When we reflect on the friend we have made and how far they will be away when we return home. When we consider the epic days we have had in the hills and how suddenly we won’t be skiing fresh tracks 30 minutes after getting that cake out of the oven. We will even reflect back at the great guests we have had, from the party animals to the clean freaks, and how we have enjoyed having them all to stay. When you consider all this you start to get a feeling of dread. Suddenly it will all be gone.
I thought the hardest thing about trying mono-skiing was going to be finding a mono-ski and then I clipped my boots and discovered that actually skiing on one ski with my feet clipped in next to each other was actually harder.
After having the idea of giving this minority sport a go I set about looking for some kit. I started my quest at the usual ski hire shop, my question was met with silence and then laughter, they didn’t have one. After trying my luck at a few other shops where is was met with similar reactions I was told to try a hire shop that I had never noticed in resort before. I found it in a big apartment block located between some sort of office and a restaurant. Just by looking at you knew that it had never experienced the British onslaught of boot fitting and bad ski carrying techniques only seen on a transfer day.
Inside the shop there was a good selection of skis, certainly no snowboards, cross country equipment, snowshoe kit and two mono-skis of questionable quality. I arrange with the owner a day to hire them, filled in the paperwork and left a deposit. Next I went to inform my accomplice in this adventure who seemed surprised and mildly concerned.
It may be worth you knowing the level of our skiing. I was average at best, having learnt skiing at a young age then abandoned it for snowboarding, something I have later come to regret, not least on the upcoming “mono-ski” day. My buddy was a better skier than me however his distinct Dad style gave away the many floors in his technique which would also hinder his mono début.
The day arrived and lucky for us it was a pleasant spring day on the mountain. In a vain attempt to distract anyone from our lack of ability, we decided to dress-up as we assumed a mono skier would dress. Our outfits involved head bands and day-glow clothing, a look that seems to repeat itself on the slopes regularly as part of a decade long cycle.
I went for the turquoise and pink mono-ski the other one was purple and yellow, seemingly reinforcing our choice of attire. We headed for the lifts. Rather predictably we opted for the British approach to exploring which is to muddle through, invent and learn in the field. Our first challenge was the chairlift. I won’t waste your time with faux suspense at the outcome at the end of the lift. Let us just say there were people sat on a stationary lift wondering if this was the day they would be rescued.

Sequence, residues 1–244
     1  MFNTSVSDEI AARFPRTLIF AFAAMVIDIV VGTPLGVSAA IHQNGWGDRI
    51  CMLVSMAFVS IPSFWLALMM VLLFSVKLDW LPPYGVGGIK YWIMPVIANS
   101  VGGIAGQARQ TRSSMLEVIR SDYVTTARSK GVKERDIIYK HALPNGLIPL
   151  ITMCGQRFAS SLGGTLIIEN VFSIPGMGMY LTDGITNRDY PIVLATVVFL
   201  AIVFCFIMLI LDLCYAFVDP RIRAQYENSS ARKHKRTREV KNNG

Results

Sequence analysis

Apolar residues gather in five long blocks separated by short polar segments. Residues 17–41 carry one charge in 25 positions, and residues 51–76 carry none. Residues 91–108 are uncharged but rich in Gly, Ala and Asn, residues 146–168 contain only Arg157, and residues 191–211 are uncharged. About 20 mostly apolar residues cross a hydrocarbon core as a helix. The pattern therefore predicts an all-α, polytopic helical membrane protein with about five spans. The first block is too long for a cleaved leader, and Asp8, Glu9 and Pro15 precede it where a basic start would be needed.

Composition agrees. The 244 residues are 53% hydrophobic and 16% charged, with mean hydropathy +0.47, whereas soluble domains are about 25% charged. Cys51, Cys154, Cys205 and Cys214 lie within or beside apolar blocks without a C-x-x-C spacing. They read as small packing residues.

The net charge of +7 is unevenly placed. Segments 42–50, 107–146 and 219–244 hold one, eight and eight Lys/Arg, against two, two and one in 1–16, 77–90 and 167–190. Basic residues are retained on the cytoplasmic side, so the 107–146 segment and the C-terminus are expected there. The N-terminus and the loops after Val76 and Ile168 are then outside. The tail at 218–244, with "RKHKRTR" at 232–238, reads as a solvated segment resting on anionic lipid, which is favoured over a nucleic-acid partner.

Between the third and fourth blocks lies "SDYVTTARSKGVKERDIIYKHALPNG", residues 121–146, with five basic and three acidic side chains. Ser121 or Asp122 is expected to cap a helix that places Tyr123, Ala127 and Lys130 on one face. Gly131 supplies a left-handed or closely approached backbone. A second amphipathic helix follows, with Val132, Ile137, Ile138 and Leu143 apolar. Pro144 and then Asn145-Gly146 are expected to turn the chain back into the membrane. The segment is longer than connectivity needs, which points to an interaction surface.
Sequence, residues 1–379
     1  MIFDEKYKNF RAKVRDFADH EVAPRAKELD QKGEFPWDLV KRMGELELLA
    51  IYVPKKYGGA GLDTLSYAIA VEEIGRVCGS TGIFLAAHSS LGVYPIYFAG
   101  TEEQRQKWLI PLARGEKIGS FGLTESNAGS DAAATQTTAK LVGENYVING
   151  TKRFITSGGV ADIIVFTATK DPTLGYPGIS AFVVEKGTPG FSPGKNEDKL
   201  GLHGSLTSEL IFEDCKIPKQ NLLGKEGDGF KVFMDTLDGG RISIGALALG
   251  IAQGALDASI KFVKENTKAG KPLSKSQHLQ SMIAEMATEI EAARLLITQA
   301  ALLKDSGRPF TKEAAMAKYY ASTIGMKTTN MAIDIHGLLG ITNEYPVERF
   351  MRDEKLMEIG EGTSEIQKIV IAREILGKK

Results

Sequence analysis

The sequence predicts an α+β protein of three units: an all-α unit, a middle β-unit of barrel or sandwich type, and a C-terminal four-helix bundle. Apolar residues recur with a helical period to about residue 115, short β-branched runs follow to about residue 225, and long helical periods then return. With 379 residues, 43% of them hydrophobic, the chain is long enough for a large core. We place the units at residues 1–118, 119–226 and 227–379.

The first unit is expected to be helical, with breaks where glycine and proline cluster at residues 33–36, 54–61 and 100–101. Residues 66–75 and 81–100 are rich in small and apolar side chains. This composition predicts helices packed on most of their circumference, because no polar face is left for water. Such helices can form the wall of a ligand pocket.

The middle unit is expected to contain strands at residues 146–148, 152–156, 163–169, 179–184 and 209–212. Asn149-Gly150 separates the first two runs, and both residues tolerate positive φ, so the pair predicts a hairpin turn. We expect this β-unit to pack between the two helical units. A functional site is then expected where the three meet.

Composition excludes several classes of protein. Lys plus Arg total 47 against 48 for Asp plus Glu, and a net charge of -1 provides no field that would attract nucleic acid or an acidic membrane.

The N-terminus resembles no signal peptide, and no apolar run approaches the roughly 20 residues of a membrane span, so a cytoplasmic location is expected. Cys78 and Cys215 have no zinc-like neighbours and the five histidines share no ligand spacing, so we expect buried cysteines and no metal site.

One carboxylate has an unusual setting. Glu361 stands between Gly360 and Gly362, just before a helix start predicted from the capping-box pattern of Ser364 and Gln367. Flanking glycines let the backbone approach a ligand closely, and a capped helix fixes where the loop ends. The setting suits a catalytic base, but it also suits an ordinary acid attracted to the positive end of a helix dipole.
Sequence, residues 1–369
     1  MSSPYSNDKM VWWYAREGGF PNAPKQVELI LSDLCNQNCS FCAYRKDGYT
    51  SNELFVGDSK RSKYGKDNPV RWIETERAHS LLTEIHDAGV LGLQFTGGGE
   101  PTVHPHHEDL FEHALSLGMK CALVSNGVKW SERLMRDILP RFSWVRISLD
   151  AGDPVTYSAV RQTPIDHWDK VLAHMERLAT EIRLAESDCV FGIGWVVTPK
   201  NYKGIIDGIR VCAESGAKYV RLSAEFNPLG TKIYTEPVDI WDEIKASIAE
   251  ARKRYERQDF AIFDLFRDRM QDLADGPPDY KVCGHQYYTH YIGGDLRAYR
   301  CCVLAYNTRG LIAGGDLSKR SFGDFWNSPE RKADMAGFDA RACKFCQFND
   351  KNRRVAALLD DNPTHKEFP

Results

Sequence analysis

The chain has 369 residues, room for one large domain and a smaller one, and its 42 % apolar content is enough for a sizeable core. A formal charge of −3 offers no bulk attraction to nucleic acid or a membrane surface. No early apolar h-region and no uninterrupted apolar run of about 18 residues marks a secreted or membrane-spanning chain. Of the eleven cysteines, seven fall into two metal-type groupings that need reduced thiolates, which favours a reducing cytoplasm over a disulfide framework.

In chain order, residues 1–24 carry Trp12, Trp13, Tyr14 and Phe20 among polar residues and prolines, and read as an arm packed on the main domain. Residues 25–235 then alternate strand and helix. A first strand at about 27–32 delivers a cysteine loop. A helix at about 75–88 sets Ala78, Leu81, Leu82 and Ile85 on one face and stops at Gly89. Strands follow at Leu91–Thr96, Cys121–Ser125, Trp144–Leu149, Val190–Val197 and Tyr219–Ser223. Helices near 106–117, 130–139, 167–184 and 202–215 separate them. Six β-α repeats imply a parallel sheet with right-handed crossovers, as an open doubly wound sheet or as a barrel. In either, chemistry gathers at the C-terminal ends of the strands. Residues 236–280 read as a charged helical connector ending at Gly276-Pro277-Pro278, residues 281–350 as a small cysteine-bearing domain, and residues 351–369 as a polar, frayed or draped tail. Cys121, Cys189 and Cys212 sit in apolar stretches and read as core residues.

Finally we were clipped in, we stood up and pushed off. We weren’t expecting immediate success nor were we expecting it take 2 hours to get down a slope that would normally take us 5 minutes to ride down. There is no forgives on a mono that you get on two skis and the motion of planting poles is crucial to success leaving me endlessly muddled in my attempt and on the floor after most turns. My biggest mistake was trying to use my poles to push off to make the turns. This did aide my speed down the hill, however that was with my back lying on the ski, feet still clipped in, head pointing down, with poles and head gear liberally distributed down the slope.
My second mistake was telling people we were going to attempt this and choosing a run than pretty much had a lift running over it the whole length. Normally I am the one sat on a chairlift laughing at the misfortune of others, today I was being laughed at, commented on and on occasions applauded but with irony. My friend feared no better than me I am pleased to report. Possibly my third mistake was not giving up after the first run, through the course of the day my technique didn’t really improve and my biggest success was probably linking 10 turns before confusion ultimately got the better of me.
At the end of the day we felt a bit sore, quite demoralised and no better at mono-skiing. I can thoroughly recommend this as a minority sport that you don’t need to try.
1. Try wake boarding – It is like snowboarding! 2. Try grass skiing – It sounds rubbish, and probably is. There must be a reason you don’t get grass skiing resorts. 3. Try water skiing – It is like skiing but harder, wetter and even more expensive. 4. Go in-line skating – It might be similar to snow blading but you don’t admit to doing that either. 5. Head out to the Alps and go skiing on a Glacier – There are several to choose from and are open all year round like the Grand Motte in Tignes. 6. Go riding Down Under – There is plenty of skiing and boarding to be done in Australia or New Zealand. 7. Try a snow dome – You have 5 to choose from in the UK. 8. Dry slope skiing – Over 50 dry slopes in the UK, so there should be one near you. 9. Ride the Emirates – This is massive waste of money cable car in central London. 10. Give mountain boarding a go – Don’t be fooled by the name this is mainly done on hills. It is the board equivalent to grass skiing. Expect to sit down quiet a bit.